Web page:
Defra’s Risk register #2

Viburnum plicatum f. tomentosum ‘Kilimanjaro Sunrise’ (Japanese snowball ‘Kilimanjaro Sunrise’)

assam thrips; castor thrips; chilli thrips; yellow tea thrips

Scirtothrips dorsalis

Insect

Absent

Likelihood to spread to UK (1 is very low – 5 is very high)

EU listed pest for citrus but highly polyphagous and intercepted on a number of hosts. EU legislation should be updated to reflect wider host list.

Defra’s Risk register #3

Viburnum plicatum f. tomentosum ‘Kilimanjaro Sunrise’ (Japanese snowball ‘Kilimanjaro Sunrise’)

pink wax scale; red was scale; ruby wax scale

Ceroplastes rubens

Insect

Absent

Based on its biology and low potential impact continued action on this pest in the UK would not be considered appropriate. It is likely to be of more concern to southern Member States of the EU; as it is an economic pest of citrus.

About this section

Our plants are under greater threat than ever before. There is increasing movement of plants and other material traded from an increasing variety of sources. This increases the chances of exotic pests arriving with imported goods and travellers, as well as by natural means. Shoot is working with Defra to help members to do their part in preventing the introduction and spread of invasive risks.

Traveling or importing plants? Please read “Don’t risk it” advice here

Suspected outbreak?

Date updated: 7th March 2019 For more information visit: https://planthealthportal.defra.gov.uk/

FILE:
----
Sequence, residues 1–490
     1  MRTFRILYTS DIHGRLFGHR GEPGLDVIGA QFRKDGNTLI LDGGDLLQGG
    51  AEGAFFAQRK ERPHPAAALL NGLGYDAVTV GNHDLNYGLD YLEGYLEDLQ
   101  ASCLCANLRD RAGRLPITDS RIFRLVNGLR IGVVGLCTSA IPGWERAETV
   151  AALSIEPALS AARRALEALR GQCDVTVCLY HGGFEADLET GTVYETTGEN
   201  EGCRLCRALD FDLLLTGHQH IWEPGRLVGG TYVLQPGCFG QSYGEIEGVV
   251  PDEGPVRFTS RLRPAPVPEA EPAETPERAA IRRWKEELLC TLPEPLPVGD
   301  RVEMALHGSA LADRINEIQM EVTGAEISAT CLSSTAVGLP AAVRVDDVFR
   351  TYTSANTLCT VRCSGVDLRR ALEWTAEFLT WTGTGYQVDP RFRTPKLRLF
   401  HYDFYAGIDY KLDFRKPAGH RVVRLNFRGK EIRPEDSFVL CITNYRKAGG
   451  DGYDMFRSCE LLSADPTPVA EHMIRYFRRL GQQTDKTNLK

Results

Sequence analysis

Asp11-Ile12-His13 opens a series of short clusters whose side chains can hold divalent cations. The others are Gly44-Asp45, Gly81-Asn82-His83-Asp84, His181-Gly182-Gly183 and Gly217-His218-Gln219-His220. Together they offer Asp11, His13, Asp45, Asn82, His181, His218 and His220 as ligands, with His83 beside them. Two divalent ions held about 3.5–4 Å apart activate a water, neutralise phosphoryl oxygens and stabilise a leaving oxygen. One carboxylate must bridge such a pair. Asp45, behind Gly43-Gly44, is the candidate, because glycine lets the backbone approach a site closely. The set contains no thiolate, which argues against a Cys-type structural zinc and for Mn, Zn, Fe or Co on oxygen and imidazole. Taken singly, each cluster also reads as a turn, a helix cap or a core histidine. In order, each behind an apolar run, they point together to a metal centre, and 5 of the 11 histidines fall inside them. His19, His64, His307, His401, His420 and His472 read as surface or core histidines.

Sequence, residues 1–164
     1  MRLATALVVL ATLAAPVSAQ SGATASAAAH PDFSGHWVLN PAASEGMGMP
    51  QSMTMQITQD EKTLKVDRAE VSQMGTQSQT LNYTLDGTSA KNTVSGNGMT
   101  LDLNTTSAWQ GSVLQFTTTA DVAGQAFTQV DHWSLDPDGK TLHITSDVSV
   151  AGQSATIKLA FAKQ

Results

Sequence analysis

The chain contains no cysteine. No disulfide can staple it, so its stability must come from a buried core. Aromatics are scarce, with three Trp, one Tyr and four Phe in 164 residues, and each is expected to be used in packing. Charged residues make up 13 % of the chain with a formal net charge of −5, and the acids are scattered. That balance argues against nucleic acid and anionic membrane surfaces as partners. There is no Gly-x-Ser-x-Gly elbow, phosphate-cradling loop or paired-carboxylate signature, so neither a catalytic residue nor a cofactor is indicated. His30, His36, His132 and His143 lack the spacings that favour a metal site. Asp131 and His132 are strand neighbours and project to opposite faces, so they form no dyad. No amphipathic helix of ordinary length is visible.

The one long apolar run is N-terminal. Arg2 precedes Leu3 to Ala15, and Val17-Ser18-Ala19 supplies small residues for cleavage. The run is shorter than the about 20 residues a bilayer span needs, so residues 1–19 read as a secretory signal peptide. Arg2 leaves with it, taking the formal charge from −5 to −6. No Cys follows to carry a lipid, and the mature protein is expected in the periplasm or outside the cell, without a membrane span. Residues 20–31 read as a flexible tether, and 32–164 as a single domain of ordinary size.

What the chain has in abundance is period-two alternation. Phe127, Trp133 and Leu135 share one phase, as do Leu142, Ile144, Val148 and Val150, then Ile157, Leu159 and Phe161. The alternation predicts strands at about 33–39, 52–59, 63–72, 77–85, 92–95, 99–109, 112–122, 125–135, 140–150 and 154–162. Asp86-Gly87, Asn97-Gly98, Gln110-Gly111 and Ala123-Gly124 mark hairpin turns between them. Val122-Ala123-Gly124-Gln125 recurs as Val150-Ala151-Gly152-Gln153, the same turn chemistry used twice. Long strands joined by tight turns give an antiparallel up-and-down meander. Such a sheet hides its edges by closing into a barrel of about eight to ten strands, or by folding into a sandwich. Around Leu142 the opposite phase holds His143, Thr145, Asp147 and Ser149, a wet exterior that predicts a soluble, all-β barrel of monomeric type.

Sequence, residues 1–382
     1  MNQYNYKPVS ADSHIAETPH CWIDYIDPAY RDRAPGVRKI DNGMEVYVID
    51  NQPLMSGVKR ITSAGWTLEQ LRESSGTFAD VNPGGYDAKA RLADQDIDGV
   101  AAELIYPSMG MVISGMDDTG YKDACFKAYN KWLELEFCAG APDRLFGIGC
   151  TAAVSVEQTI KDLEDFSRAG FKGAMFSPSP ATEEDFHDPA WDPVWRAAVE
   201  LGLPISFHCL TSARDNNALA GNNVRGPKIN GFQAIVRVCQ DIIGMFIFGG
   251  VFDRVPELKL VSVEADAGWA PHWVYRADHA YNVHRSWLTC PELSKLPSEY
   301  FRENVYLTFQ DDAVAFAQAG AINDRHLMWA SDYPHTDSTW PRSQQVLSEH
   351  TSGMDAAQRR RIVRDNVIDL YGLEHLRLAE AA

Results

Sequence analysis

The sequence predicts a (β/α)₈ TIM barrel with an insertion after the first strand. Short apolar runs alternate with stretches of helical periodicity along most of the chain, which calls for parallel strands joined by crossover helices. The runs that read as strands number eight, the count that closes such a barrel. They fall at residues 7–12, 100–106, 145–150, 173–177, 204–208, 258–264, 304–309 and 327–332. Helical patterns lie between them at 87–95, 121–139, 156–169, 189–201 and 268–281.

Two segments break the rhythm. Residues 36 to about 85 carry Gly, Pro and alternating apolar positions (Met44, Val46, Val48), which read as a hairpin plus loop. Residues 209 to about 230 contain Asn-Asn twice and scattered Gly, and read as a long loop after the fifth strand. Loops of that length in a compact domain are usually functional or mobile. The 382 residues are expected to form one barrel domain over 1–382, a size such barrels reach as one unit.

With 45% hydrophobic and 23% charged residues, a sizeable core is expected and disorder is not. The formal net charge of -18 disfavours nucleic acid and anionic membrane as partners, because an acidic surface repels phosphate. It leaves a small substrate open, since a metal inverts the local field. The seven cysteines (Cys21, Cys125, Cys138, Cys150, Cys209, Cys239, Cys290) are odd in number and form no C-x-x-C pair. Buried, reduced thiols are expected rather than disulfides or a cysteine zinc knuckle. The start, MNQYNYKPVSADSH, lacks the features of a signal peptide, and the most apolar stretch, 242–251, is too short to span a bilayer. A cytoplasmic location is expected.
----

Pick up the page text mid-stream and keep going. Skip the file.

Chelsea Flower Show: Plant of the Year revealed


This award winning vibernum will have fiery foliage by autumn

Kilimanjaro Sunrise, entered by Burncoose Nurseries (GPK2), is a shrub that performs at four different times of year. It’s like having four different plants for the price of one.

• Watch: The Telegraph garden wins gold

Delighted to have won #RHSChelsea Plant of the Year at 2015 with Viburnum plicatum ‘Kilimanjaro Sunrise’ http://t.co/WNGYX23kcw

— Burncoose Nurseries (@burncoose) May 18, 2015

Runner up this year was Streptocarpus ‘Polka-Dot Purple’, from Dibleys Nurseries (GPH8) who won the award in 2010, with a huge number of white flowers over ten months of the year, each beautifully speckled and streaked in purple. In third place was Salvia ‘Love and Wishes’ from Dysons Nurseries, GPE8), a gorgeous patio salvia for use as a container centrepiece with almost black stems, purple flowers from May to October and paler purple calyces that remain on the stems long after the flowers have fallen.

[email protected] new Streptocarpus ‘Polka-Dot Purple top 20 Chelsea plant of the year #RHSChelsea pic.twitter.com/bQfrlZUfea